Water based systems alone are not always a suitable solution to put out raging fires. Critical manufacturing and fossil fuel processes often involve combustible material and other high hazard items that could spread a large fire to unwanted locations within seconds. This is where foam suppression systems come in place. A system of this kind is useful in locations where fighting fires proves challenging, places such as airport hangars, loading racks, marine vessels and many more. In locations where Class B hydrocarbons and polar solvents are present, foam systems work by separating fuels from the air.
Foam water systems use altered versions of wet, dry, deluge or pre-action systems. They are differentiated from other water based systems by the addition of tanks that hold foam concentrate, proportioners and valves that prevent the concentrate from interacting with the rest of the sprinkler system until activated. The systems works by injecting a foam concentrate mixture into water based system providing a form of blanket for the raging fire.
Proportioners can take the form of bladder tanks, as well as a variety of ratio controllers designed to ensure that the correct amount of foam concentrate is mixed with the water. Firefighting foam is made by mixing 1% - 3% or 6% of concentrate (depending on the type of foam in use) with foam-water mix, then aspirating it to produce fluid foam able to easily cover dangerous liquid substances. The resulting foam is comprised of small bubbles of air, giving it less density than water, oil or gasoline.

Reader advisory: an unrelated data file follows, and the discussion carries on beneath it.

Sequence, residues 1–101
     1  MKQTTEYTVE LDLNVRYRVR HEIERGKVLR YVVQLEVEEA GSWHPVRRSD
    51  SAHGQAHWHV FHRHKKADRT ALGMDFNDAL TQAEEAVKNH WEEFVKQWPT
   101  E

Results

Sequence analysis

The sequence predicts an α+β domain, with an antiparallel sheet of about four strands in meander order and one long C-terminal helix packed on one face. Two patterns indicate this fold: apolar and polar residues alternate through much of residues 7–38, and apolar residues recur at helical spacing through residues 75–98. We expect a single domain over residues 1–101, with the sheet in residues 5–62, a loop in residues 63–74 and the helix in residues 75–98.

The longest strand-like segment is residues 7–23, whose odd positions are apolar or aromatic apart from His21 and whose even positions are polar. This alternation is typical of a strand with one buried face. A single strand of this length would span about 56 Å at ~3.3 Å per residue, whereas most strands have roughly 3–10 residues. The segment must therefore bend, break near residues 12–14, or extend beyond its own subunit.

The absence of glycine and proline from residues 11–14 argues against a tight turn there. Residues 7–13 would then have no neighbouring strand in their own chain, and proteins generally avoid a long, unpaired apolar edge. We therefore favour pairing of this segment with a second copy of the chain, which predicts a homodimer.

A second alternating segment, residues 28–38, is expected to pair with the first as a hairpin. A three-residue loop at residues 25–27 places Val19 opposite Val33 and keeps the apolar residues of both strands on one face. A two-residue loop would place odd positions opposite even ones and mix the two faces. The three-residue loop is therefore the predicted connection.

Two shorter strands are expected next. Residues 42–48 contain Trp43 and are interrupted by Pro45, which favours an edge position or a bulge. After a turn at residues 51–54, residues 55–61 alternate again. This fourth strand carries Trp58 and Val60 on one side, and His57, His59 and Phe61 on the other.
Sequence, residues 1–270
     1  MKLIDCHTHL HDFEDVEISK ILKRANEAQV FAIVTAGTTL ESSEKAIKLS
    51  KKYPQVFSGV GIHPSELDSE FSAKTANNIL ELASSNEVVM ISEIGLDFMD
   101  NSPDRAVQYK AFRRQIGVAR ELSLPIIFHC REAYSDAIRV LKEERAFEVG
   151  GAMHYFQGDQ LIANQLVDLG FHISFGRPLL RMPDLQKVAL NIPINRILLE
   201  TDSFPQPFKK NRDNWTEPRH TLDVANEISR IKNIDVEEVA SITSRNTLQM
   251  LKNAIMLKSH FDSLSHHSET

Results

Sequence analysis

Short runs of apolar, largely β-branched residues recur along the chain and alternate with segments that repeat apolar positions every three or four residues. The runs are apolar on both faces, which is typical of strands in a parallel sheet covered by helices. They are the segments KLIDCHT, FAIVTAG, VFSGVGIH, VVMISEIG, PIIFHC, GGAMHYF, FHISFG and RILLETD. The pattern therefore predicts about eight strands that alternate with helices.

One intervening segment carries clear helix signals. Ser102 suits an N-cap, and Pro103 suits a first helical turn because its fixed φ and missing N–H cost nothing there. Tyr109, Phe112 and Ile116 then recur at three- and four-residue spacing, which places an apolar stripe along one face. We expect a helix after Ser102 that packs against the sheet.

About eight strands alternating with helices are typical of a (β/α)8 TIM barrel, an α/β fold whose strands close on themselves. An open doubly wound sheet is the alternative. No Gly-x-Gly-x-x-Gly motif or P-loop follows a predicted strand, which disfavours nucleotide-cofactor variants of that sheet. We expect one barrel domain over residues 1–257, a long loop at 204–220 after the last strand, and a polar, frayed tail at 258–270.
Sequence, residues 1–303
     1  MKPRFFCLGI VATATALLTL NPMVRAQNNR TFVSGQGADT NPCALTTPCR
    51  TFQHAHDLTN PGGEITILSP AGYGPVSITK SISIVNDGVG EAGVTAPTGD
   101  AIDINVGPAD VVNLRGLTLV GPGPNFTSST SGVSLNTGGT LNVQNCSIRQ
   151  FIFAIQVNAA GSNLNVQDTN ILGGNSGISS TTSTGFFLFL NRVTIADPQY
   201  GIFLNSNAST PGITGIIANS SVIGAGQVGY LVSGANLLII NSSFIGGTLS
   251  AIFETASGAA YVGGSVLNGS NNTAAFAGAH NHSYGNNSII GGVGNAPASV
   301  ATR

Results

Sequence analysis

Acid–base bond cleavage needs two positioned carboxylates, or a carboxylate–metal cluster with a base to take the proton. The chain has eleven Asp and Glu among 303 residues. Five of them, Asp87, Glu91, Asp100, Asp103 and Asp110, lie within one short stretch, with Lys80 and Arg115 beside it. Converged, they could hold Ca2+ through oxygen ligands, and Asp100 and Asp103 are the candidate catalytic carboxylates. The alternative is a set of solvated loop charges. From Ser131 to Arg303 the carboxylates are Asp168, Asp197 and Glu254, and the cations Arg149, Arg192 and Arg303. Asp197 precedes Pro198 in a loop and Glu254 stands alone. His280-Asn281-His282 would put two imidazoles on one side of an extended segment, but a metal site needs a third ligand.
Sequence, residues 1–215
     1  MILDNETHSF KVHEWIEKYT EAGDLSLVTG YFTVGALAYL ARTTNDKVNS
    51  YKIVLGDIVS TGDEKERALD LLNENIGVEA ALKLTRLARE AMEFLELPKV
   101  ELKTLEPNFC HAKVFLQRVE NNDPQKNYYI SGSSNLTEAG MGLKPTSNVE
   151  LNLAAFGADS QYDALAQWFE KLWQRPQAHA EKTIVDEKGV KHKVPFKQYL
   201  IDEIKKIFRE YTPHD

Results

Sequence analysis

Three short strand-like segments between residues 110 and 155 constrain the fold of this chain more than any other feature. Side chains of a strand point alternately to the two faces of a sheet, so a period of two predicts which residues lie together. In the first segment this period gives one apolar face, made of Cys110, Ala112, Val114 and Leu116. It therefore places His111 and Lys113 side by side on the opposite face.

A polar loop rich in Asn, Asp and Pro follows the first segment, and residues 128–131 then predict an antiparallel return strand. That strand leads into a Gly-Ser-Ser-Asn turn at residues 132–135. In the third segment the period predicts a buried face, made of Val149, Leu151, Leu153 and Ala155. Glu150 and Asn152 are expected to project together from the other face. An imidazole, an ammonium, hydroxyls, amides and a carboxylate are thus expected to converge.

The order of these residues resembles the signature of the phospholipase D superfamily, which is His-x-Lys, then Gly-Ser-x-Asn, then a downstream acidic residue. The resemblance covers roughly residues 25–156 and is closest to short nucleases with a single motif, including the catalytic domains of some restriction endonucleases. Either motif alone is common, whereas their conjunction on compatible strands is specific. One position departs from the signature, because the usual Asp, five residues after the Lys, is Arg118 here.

Using the right type of foam to fight a specific fire is essential and depends on the nature of the fire. Foam can be chosen for its high expansion, long duration, and vapor suppression characteristics, among others. Both bladder tank and pump water sprinkler systems use proportioners to maintain a sufficient water pressure that also ranges according to foam choice. They then pipe the resulting concentrate to the sprinklers (or other discharge device).